A pilgrim is a person who is not at home, not yet in the place where they can be. Twenty-three pilgrims will fly out of San Francisco International Airport on February 18th on a journey to the Holy Land, Israel, a country sacred and holy to many people and yet it still experiences the tensions of being a divided country religiously and politically. I am entrusted with the privilege and responsibility of leading this pilgrimage group, 22 other pilgrims, people willing to explore the origins and history of our Catholic Christian faith.
We will arrive in Jerusalem on Tuesday night, February 19th, a bit exhausted but eager to settle in for a few hours of sleep before journeying through Jerusalem. We will see the Mount of Olives, opposite the temple on the other side of the Kidron Valley, giving us a panoramic view of the old city. From the top of the ridge we will walk down what is known as the Palm Sunday road to Dominus Flevit, the place where Jesus wept over the city of Jerusalem and then celebrate Mass in the Church of All Nations, otherwise known as the Garden of Gethsemane. Each holy site usually features a rock or cave, a feature not easily destroyed by conquering armies that swept through the land many times. Several times, the city of Jerusalem was destroyed and then rebuilt, layers of civilization over the bedrock of this land.
One afternoon we will go to the Israel Museum in the new city of Jerusalem to see a scale model of the ancient city of Jerusalem and the Shrine of the Book that houses the Dead Sea Scrolls discovered in the last century in Qumran. Throughout the trip we will stop at places either historically significant or places closely related to the Gospel stories of Jesus’ life and ministry. There is something to be said about reading a scripture passage like the Agony in the Garden, and then being in that same place with an olive tree that could be almost 2,000 years old. We will travel to Jericho, Beit Sean, Sea of Galilee, Capernaum, Nazareth, Cana, Mt. Tabor, Mt. Carmel and Caesarea Maritima and more.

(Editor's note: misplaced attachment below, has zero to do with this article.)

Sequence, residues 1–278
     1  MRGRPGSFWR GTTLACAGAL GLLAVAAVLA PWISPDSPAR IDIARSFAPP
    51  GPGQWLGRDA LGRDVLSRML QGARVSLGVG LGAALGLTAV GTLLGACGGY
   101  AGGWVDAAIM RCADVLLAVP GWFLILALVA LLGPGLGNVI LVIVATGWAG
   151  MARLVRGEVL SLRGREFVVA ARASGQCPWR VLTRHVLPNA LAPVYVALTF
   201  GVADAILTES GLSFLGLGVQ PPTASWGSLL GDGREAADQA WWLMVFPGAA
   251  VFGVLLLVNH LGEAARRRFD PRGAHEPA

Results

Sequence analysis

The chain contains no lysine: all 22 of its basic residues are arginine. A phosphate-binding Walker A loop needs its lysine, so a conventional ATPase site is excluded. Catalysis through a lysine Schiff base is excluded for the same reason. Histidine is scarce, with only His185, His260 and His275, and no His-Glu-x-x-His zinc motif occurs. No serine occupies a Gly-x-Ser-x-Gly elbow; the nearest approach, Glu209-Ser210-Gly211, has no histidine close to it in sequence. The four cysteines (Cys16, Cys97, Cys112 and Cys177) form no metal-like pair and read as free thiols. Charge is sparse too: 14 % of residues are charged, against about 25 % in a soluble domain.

There is the truth of local tradition and the tradition of the church that marks these places or places within close proximity where these scriptural events took place. Being able to walk the land gives another perspective where Jesus lived, ministered, suffered, and died and rose from the dead. Within the environs of Jerusalem, so much is literally within walking distance. Each day we will begin with song and prayer. Walk, reflect, and listen to the Catholic local guide adding an explanation or further context to each particular site, scripture passage proclaimed. Celebrating the Eucharist each day we will experience Christ present to us within the land where he once walked, taught and preached. We will take time to try and take it all in.
Blessings, Father Larry